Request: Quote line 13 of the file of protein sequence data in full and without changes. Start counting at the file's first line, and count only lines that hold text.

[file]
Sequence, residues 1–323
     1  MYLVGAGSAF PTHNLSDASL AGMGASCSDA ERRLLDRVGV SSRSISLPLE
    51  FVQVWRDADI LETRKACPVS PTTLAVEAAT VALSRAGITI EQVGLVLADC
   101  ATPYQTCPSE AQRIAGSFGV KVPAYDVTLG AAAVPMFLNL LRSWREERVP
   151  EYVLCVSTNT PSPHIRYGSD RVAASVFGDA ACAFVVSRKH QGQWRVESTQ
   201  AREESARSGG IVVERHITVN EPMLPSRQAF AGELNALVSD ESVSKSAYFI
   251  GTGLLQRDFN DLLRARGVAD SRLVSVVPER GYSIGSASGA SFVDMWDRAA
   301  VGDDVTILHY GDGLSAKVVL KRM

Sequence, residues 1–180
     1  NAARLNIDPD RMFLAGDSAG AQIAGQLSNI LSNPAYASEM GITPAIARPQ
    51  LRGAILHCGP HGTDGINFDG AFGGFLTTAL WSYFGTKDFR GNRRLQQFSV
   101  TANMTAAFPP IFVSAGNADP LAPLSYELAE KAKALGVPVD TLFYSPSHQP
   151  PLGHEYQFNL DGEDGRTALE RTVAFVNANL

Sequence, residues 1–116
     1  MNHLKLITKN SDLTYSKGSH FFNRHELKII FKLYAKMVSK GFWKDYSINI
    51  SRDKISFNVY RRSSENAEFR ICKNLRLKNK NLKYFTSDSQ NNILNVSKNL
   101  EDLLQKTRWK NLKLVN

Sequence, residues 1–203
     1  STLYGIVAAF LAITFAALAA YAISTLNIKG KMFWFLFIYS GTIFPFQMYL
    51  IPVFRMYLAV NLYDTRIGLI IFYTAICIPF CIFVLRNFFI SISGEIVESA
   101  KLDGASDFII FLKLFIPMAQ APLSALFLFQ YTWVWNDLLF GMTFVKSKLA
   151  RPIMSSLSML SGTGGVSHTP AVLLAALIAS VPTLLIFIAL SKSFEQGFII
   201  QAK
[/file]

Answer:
   151  PLGHEYQFNL DGEDGRTALE RTVAFVNANL